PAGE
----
Washington DC- U.S. Senator Bob Casey (D-PA), detailing county by county data, unveiled a plan to close the ‘WIC Gap’ a policy that kicks young Pennsylvania children off of vital nutrition assistance before they enter school. Vulnerable children in Pennsylvania and across the nation are eligible for the Women Infants and Children (WIC) program up to age five at which point it was assumed many enter public school where they may qualify for school breakfast and lunch programs that continue to supplement their intake of healthy food choices. However, a child’s birth date impacts their eligibility to enter school. A significant number of children remain ineligible for school well past their fifth birthday – sometimes for as much as a year. Casey’s legislation, the Wise Investment in our Children (WIC) Act would allow States to extend eligibility for children to age six in order to close the gap.
“When children have the right nutrition early in life they’re healthier, do better in school and ultimately are better off when they enter the workforce,” Senator Casey said. “By expanding WIC to age six we close that gap and ensure children have a strong health and nutrition foundation. No child should be placed at a nutritional disadvantage simply because of when their birthdate falls.”
Extend Eligibility for Children to Age 6
WIC provides nutrition assistance to children up to age five, at which point many enter public school where they may qualify for school breakfast and lunch programs that continue to supplement their
intake of healthy food choices. However, a child’s birth date impacts their eligibility to enter school. A significant number of children remain ineligible well past their fifth birthday – sometimes for as much as a year. Continuing WIC nutrition services assures a continued strong health and nutrition foundation, preparing children for school entrance, getting them ready to learn, reducing childhood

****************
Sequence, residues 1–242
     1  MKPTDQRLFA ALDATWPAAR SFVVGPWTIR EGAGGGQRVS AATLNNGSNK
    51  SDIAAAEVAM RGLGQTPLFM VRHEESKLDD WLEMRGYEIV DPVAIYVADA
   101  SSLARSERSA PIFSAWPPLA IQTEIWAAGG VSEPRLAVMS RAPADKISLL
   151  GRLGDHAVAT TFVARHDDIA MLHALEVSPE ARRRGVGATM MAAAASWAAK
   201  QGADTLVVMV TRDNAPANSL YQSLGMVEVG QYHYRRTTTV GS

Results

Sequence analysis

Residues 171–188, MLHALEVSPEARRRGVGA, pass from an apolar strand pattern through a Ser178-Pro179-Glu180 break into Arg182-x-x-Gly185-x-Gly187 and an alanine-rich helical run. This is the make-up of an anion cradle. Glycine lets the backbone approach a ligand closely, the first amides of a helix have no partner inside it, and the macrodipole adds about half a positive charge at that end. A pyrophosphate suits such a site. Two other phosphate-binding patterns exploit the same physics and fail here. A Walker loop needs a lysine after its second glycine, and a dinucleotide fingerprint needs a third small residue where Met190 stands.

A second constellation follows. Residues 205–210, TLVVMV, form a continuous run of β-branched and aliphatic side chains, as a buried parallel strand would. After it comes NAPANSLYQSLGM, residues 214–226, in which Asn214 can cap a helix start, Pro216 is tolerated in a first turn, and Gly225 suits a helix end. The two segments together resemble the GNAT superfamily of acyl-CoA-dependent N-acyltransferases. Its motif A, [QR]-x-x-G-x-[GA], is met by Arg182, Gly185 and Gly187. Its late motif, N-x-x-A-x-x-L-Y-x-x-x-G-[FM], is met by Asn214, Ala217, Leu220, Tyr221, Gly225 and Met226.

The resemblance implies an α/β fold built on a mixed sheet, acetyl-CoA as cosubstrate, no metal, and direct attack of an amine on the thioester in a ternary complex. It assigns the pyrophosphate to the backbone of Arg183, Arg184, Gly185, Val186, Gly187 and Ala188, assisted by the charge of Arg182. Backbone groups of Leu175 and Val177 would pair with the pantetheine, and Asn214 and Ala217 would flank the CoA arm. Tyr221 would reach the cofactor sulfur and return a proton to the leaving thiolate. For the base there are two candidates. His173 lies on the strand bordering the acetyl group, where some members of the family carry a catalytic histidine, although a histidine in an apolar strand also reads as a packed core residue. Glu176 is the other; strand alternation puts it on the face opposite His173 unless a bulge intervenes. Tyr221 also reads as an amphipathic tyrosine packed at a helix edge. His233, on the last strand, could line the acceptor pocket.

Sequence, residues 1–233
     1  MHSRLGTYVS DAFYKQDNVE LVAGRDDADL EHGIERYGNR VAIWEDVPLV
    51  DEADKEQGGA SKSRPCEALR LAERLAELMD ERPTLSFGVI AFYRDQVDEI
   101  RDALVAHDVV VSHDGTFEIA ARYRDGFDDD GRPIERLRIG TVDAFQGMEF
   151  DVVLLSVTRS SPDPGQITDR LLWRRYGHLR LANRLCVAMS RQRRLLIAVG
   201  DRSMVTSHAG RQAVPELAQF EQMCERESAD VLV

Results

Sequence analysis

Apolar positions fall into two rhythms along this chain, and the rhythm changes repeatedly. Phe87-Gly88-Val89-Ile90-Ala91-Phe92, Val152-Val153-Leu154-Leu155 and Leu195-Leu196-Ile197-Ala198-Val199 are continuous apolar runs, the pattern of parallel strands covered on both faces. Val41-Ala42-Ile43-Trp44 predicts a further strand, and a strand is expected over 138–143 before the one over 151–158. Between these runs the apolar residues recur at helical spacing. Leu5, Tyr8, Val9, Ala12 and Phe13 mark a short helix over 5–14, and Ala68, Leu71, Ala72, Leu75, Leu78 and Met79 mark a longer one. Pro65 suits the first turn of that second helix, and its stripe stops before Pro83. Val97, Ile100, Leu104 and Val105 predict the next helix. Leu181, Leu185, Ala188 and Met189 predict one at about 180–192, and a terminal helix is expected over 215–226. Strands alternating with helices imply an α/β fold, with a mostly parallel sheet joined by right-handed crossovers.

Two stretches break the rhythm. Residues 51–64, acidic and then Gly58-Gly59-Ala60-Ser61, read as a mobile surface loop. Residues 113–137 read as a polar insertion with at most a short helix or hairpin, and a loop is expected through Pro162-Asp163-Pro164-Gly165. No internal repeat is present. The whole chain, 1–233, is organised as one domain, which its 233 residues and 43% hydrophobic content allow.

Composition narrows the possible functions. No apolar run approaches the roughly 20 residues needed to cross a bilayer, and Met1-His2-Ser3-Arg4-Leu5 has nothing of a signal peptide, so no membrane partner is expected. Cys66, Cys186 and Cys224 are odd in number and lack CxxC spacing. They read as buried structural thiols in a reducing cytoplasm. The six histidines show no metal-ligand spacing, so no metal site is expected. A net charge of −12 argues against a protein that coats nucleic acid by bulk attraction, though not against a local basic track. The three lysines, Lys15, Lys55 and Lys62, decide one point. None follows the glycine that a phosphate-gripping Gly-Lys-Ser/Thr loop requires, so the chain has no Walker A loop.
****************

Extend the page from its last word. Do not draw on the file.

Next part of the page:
obesity and other chronic diseases. The WIC Act would allow States to extend eligibility for children to age six.
Extend Certification Periods for Infants
According to medical experts, the first two years of life are a key timeframe to invest in the health of a child. WIC certification procedures require WIC applicants to present documentation of family
income for those individuals who are not certified from other programs (like Medicaid), present proof of residency and physically present themselves at certification, for which the appointment can
take 2-3 hours. By allowing WIC certification for infants for up to two years (instead of the current one year), Congress has the opportunity to eliminate duplicative paperwork and focus WIC on
health, nutrition, breastfeeding, immunization, and pediatric referral services that will make a significant difference in the lives of lower income infants and young children. This change will allow better nutrition services coordination, increase opportunities for nutrition intervention, assure improved breastfeeding duration, improve coordination with healthcare services, reduce duplicative
and invasive blood work for infants and toddlers, provide for more counseling time and time with high-risk infants and toddlers, and streamline and reduce paperwork for clients, clinics, and health
care providers. The WIC Act would give States the option to certify infants for two years.